By Besha Rodell
By Patrick Range McDonald
By Michael Goldstein
By Dennis Romero
By Sarah Fenske
By Matthew Mullins
By Patrick Range McDonald
By LA Weekly
If one were to reinvent the general store to serve a neighborhood homesteaded by a neo-boho generation -- a neighborhood like Silver Lake -- it would be Clover. Though it‘s housed in a mere 2,000 square feet of retail space, you can find an ”edited collection,“ as they say in the trade, of the same clothing you might find at Fred Segal or Barneys, and everything from fine furniture to cookbooks, dog toys to doormats, and dishes, kids’ stuff, fine art, Christmas cards, candy, pajamas, and art and architecture books.
These are the necessities of the hipster lifestyle circa 2002. Consider this predicament: You‘re on your way to a party but you haven’t got a present. Clover will have the right gift, every time. Or say you‘re not on your way to a party but you wish you were. Clover covers that situation, too. There’s a small art gallery in the back of the store with frequent weekend openings and neighborhood gatherings -- and everybody‘s invited.
And as in the days of yore, Mom and Pop live above their store. Well, not quite yet, because they haven’t built their apartment, but eventually Clover will become storegallerystudiofamily compound for owners Drea Kadilak, her husband Nelsen Valentine and their two kids. Kadilak, who is renowned for the hats she‘s designed, and Valentine, a painter and also a furniture designer, wanted to make money while at the same time being available for family life -- including mid-afternoon transport to soccer games and birthday parties and such. Perhaps, they schemed, they could do this by living and working together in the same space.
Kadilak and Valentine have long been business partners. When Valentine came into some money with his painting in 1991, he designed and built Kadilak’s first shop on Fairfax Avenue, where she began selling her hats, quickly attracting a show-business clientele before moving her shop to La Brea Avenue the next year. They also bought a house in the artsy Silver Lake--adjacent Solano Canyon, and Kadilak wanted to work closer to home. They found the right space in a dusty old liquor store with enormous plate-glass windows and a few apartments in the back on an undistinguished street zoned for both commercial and residential. It‘s back to the future, really: This kind of ”mixed-use“ urban neighborhood provides for livework arrangements that are the antithesis of the suburban separate-your-job-from-your-family kind of life.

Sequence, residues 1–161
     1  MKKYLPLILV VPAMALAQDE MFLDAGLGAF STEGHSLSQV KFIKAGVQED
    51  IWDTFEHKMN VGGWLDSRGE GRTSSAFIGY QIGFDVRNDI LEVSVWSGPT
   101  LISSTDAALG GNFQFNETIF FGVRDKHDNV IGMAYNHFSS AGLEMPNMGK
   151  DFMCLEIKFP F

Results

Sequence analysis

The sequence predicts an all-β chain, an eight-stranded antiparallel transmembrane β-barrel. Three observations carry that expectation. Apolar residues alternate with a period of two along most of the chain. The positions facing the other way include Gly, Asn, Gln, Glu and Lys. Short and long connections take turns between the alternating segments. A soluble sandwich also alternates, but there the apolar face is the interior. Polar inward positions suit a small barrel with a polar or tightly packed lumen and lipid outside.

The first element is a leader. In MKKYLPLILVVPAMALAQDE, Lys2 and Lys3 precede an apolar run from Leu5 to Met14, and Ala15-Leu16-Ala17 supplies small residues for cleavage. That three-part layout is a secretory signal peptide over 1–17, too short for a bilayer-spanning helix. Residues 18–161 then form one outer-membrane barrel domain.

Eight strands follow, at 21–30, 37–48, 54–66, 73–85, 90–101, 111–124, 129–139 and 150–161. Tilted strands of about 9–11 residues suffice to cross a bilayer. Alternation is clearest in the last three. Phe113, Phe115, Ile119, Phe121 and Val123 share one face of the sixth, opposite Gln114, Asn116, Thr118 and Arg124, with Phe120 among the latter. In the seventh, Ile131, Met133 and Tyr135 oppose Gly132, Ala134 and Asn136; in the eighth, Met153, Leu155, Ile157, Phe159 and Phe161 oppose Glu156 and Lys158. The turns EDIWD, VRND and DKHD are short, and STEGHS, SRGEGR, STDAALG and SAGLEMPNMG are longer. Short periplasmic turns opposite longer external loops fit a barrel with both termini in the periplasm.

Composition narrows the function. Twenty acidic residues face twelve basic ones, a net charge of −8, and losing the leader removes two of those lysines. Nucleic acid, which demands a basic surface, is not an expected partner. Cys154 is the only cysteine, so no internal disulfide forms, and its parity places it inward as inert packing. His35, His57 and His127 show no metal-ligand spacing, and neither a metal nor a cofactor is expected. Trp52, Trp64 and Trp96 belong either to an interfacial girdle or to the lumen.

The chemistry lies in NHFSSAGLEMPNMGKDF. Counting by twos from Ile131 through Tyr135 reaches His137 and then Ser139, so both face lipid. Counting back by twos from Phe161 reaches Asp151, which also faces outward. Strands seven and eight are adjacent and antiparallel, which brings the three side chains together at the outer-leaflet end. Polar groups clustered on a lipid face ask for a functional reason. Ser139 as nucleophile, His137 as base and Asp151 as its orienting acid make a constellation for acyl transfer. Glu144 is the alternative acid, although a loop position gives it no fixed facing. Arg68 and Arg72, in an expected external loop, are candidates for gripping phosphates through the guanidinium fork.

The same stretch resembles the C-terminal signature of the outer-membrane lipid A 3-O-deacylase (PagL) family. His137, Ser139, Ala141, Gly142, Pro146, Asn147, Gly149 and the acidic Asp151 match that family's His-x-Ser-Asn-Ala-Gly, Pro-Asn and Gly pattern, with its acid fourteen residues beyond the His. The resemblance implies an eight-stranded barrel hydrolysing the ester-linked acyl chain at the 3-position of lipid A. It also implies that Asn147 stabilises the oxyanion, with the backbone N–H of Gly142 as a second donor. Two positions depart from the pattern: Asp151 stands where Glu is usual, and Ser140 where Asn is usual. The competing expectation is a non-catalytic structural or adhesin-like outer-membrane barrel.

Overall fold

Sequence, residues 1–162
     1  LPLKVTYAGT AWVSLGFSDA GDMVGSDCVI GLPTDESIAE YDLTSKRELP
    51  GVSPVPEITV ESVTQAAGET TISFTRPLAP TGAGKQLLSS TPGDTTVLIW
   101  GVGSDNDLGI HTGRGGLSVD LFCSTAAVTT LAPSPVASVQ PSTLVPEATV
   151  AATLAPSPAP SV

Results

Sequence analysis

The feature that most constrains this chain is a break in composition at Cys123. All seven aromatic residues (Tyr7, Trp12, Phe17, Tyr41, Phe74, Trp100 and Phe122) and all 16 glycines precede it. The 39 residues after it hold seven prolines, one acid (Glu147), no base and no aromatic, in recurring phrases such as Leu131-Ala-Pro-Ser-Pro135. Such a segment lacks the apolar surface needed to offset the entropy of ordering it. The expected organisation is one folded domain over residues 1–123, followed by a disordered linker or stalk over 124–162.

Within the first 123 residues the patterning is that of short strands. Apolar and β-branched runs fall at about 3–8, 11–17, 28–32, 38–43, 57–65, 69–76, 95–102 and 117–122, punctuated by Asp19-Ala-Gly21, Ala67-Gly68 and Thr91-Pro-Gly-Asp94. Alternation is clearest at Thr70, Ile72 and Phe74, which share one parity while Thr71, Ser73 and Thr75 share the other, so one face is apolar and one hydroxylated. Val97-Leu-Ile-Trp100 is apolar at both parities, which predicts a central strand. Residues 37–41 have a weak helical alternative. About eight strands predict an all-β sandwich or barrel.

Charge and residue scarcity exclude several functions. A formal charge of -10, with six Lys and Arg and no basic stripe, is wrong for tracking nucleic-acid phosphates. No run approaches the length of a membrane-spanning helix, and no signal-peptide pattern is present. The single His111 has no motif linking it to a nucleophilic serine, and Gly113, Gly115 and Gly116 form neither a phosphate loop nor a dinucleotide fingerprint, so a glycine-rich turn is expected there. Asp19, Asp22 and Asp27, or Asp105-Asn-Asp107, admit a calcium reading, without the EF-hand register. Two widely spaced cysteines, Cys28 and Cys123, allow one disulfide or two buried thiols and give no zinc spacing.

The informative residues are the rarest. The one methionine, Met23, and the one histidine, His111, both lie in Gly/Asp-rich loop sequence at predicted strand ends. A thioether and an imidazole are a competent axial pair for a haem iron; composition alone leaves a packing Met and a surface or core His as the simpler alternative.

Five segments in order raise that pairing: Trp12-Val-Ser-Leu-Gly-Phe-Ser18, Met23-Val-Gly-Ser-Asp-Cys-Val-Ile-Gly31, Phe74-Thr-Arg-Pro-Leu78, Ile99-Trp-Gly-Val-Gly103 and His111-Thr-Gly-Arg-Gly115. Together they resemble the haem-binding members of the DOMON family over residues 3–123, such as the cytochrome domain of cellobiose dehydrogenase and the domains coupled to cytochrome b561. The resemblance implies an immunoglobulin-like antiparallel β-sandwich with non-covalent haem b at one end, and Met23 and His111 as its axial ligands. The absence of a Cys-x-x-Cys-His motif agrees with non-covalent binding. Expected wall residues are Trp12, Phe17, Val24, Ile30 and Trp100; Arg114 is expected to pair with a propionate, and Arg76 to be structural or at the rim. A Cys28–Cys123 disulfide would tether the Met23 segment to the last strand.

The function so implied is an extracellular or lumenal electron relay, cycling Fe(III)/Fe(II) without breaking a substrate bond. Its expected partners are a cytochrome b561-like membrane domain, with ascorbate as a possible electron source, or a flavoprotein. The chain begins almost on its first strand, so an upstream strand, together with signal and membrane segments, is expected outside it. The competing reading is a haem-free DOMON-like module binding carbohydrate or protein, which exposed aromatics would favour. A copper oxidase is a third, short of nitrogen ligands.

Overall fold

Valentine again designed the space and built the fixtures, and put steel beams in place to support a second-floor home and design studio; he’s bartering with an architect to work that project out. Trading in the high visibility of the La Brea location for the minimal foot traffic but lower real estate values of Rowena Avenue has allowed Kadilak and Valentine to dare to express themselves, because they can afford to. They‘ve filled the store with things they make, and things they like, and things they can use at home if items don’t sell.
The furniture, some tables, ottomans and upholstered benches are Valentine‘s, and range in price up to $7,000. He’s designed furniture for Frank Gehry and Chuck Arnoldi, and the store reflects his minimalist sensibility and his love of art and architecture, and -- because he‘s a foodie -- there are cookbooks. But it’s really Kadilak‘s store, and hers is a much more playful aesthetic. She’s begun designing practical clothes tailored for the Silver Lake life -- and is energetically devoted to cultivating new talent, especially in the neighborhood: like the architect who lives behind the store and whose real passion is making handbags, or the woman up the street who creates austere live plant ”sculptures“ in clay pots.
But low-rent neighborhoods rarely stay that way when they‘re taken over by creative types, and Rowena is well on its way to becoming a ”shopping and dining destination,“ as a chamber-of-commerce type might tout. Clover is joined by other shops geared to serving the neighborhood, including Edna Hart and Islands, several vintage-furniture stores, the Coffee Table cafe, and soon the highly anticipated Edendale Grill and Mixville Bar. Kadilak and Valentine were caught off-guard when Clover became a neighborhood institution almost immediately after opening a year ago. ”Maybe it’s because it‘s not about an attitude or an image, which most stores are,“ conjectures Valentine. ”It just evolved out of our need to make a living, and our desire to do that in a way that’s reflective of our style.“
Clover, 2756 Rowena Ave., (323) 661-4142.